The Tram Conductor’s Blue Cap
Poetry, Michael Harlow writes, is when words sing. In The Tram Conductor’s Blue Cap, words do sing; they also shout and whisper, riddle and recur, express and evade.
Though these poems are often allegorical and philosophical, the real underlies the imagined (while the imagination invents the real), so we meet a stranger in the Oyster Bar at Grand Central, we travel to Athens and Mexico and Troy, we hear from Sappho, Marco Polo, Cavafy and Emily Dickinson. And at the centre of the collection is a tram conductor, ‘inside a story that dreams / him’. As a habit of imagination, these poems circle and cultivate patience, anticipation, memory, opportunity, delight and regret.
Fans of Harlow’s previous, accomplished collection, Cassandra’s Daughter, will be thrilled to find this poet in assured voice: building up ‘one word one word and then / another, waiting for the light to come / stealing in’.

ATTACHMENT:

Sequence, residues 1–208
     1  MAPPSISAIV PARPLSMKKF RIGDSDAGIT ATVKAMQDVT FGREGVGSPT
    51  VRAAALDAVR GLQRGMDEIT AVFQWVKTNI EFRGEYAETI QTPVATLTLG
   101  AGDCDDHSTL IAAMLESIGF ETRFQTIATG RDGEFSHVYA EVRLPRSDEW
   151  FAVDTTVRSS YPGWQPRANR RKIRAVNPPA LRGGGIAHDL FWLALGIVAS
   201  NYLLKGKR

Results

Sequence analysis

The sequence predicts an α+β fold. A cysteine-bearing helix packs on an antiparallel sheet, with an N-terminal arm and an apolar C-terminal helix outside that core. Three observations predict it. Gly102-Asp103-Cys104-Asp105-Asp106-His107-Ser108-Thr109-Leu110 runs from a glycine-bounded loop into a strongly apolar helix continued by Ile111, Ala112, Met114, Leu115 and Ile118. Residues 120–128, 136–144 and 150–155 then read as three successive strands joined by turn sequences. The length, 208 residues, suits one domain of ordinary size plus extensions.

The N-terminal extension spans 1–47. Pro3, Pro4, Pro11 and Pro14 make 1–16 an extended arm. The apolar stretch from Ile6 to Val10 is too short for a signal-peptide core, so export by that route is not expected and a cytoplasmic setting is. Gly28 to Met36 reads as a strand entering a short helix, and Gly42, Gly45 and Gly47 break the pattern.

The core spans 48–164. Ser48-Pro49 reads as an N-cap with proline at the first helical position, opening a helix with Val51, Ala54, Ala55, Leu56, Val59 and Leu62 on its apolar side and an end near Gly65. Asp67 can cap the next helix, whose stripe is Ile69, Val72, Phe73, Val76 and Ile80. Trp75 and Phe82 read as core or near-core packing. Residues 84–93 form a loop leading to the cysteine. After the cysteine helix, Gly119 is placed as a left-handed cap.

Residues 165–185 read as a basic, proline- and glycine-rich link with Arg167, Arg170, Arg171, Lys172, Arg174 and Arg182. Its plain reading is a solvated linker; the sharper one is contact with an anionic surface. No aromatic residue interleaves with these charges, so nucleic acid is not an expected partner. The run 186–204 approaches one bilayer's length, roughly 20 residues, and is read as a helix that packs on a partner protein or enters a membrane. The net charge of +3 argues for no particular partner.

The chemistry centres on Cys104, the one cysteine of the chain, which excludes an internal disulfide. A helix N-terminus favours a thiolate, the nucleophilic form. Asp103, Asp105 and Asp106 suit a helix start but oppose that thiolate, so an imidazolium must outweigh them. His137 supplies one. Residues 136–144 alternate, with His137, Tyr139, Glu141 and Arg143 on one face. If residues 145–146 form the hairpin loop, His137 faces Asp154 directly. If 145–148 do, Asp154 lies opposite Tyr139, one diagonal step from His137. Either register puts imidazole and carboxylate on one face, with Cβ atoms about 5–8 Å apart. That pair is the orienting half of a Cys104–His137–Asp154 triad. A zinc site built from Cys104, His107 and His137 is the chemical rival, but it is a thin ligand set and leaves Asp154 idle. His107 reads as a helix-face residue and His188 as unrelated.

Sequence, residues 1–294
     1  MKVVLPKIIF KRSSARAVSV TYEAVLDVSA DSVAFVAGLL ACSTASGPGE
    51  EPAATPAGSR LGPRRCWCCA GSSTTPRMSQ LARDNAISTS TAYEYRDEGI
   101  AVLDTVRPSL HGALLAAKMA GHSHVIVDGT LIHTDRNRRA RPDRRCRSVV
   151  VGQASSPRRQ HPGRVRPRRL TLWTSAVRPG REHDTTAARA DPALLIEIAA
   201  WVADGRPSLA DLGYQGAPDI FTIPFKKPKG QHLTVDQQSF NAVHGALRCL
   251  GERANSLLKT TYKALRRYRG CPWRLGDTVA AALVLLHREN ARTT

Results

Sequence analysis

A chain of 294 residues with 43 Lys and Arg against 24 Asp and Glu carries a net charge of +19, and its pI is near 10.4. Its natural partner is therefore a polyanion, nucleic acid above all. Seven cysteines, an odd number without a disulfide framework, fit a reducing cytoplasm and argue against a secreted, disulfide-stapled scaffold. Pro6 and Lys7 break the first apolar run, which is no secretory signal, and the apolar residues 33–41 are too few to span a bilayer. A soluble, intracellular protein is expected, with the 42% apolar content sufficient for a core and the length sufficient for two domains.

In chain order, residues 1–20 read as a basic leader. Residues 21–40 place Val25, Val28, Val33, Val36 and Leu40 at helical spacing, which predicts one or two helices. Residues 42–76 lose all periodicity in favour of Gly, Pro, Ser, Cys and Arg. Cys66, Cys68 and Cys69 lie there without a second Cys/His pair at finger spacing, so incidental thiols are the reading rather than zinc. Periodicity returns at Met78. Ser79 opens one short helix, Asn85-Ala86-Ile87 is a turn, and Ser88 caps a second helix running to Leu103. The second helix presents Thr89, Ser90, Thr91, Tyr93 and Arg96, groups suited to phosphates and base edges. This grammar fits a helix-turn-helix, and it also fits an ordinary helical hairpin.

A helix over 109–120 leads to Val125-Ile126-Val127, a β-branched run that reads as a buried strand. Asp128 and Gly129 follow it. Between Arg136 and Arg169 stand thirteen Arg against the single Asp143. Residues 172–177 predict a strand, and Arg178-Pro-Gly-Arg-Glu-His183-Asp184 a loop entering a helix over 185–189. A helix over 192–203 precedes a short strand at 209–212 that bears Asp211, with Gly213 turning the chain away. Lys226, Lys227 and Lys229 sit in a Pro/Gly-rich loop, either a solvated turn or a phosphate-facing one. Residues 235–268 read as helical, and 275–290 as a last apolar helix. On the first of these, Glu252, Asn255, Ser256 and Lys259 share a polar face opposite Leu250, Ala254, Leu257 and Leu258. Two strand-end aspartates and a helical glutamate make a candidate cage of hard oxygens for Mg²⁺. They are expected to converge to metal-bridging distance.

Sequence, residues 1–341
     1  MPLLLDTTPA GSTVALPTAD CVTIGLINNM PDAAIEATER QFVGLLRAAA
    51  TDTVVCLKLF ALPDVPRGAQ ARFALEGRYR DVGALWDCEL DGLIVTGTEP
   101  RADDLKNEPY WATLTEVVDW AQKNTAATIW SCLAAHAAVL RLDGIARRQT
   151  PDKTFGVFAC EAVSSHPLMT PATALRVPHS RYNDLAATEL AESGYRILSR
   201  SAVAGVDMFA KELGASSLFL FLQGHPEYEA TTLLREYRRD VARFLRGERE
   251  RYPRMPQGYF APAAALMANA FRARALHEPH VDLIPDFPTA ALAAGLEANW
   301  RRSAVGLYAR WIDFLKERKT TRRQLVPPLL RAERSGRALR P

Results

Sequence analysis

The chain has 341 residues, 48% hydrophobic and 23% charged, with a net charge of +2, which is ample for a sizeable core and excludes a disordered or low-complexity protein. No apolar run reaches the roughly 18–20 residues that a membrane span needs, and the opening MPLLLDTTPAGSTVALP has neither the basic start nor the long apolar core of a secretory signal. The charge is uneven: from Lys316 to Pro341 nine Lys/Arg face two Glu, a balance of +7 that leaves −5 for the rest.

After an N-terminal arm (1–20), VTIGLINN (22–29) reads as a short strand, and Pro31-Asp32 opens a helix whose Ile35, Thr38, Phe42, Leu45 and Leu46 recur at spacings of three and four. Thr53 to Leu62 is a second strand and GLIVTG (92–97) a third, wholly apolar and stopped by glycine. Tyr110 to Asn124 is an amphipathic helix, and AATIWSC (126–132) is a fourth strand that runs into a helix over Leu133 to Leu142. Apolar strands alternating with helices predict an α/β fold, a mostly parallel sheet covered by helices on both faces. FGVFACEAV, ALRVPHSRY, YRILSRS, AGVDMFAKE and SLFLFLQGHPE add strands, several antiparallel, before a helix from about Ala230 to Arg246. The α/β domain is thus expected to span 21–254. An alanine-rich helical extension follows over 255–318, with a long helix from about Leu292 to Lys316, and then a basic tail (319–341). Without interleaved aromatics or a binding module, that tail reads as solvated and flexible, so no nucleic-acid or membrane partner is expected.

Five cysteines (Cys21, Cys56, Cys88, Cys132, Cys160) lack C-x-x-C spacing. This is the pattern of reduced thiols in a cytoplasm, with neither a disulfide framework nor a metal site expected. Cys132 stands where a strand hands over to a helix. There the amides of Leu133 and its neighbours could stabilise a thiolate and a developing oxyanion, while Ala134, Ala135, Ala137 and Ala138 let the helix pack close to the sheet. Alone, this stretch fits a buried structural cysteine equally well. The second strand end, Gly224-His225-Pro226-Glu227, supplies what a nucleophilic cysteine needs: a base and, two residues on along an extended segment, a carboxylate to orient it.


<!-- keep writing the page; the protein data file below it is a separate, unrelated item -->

More about Michael Harlow
With not a cabbage tree in sight, the European modernist in Harlow has made great poetry in New Zealand and we are lucky to have him. – Jeffrey Paparoa Holman, Landfall
In his poems, you can smell the poetry before it comes around the corner and bumps into you. – Arthur Fairly, Northern Advocate
Harlow is that rare poet who packages big stories into his stanzas, an artful master at whittling universal narratives into the tight and vivid heart of a poem. He is a magic poet. - Jessica Le Bas.